Key areas for biodiversity threatened - regardless of how they are defined
In a new study, Swedish, US and UK researchers show that it is difficult to compare different areas with each other in terms of their value in conserving biodiversity. Additionally, the areas now set aside to protect biodiversity provide insufficient protection to achieve the most basic level of long-term conservation of biodiversity.
This new research is published in the scientific journal Nature Communications.
“Our research has focused on an important but often ignored aspect of conservation: identifying areas with high unique biodiversity that cannot be found anywhere else. These areas differ from the areas which simply have high biological diversity,” says the study’s senior author Søren Faurby at the Gothenburg Global Biodiversity Centre (GGBC) at the University of Gothenburg.
The researchers analysed the diversity of birds and amphibians (frogs and toads) and studied the biodiversity of these globally using different methods and based on different analytical assumptions. In these analyses, species were weighted more if they were only found in small areas.
“For example, the Galapagos Islands do not have very high biodiversity. But they are unique and important to conserve since the species we find there often are not found anywhere else.”
More areas need protection
Natural areas vary in importance for conservation efforts. But identifying the areas that are most important, known as hot spots, can be a challenge. According to the researchers, these areas vary, and there are several assumptions behind the definition.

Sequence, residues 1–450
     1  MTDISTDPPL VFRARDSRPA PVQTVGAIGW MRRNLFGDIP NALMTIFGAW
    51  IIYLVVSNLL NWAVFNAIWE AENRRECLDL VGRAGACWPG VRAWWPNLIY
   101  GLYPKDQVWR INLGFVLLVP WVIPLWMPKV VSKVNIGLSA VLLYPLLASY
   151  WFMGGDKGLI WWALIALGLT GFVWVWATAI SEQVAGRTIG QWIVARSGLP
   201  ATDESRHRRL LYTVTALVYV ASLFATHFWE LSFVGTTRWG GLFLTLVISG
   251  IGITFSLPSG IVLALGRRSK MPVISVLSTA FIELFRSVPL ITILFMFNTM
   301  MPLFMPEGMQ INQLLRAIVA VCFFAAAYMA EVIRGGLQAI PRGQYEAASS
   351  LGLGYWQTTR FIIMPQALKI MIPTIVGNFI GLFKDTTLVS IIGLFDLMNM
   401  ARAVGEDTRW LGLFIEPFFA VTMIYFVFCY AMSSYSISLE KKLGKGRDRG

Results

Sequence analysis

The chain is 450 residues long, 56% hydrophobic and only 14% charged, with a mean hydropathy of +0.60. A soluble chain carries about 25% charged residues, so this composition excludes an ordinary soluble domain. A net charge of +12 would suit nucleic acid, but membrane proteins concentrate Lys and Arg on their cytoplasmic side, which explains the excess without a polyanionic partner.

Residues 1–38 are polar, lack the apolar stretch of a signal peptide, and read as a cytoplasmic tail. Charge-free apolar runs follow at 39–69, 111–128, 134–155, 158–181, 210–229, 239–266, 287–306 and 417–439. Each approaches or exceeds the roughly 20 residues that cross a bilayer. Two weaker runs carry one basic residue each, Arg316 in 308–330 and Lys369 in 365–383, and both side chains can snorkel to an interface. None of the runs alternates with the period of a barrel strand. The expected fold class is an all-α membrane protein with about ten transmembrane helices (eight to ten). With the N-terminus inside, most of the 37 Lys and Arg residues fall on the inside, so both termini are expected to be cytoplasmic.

Some analyses gave species greater weight if there were few living relatives compared with if there were a large number of related species. Of the areas with the highest total biodiversity in these analyses, five per cent were defined as hotspots.
The research team found that only a fourth of the identified hotspot areas are protected in the form of national parks, and that protection rarely covers more than 10 per cent of the area.
The research team found that only a fourth of the identified hotspot areas had more than 10 % of their area protected e.g. in the form of national parks.
“We may not be sure of exactly what areas are most important to protect. But one thing we do know for certain is that we do not protect enough of the Earth’s hotspots, and we need to expand the protected areas,” says Søren Faurby.
Link to the article in Nature Communications (https://www.nature.com/articles/s41467-020-15921-6)
Photo of Mount Namuli, photographer Harith Farooq.
Contact: Søren Faurby, postdoctoral research fellow at the Department of Biological and Environmental Sciences, University of Gothenburg, e-mail: firstname.lastname@example.org, mobile: +46-(0)73-642 24 82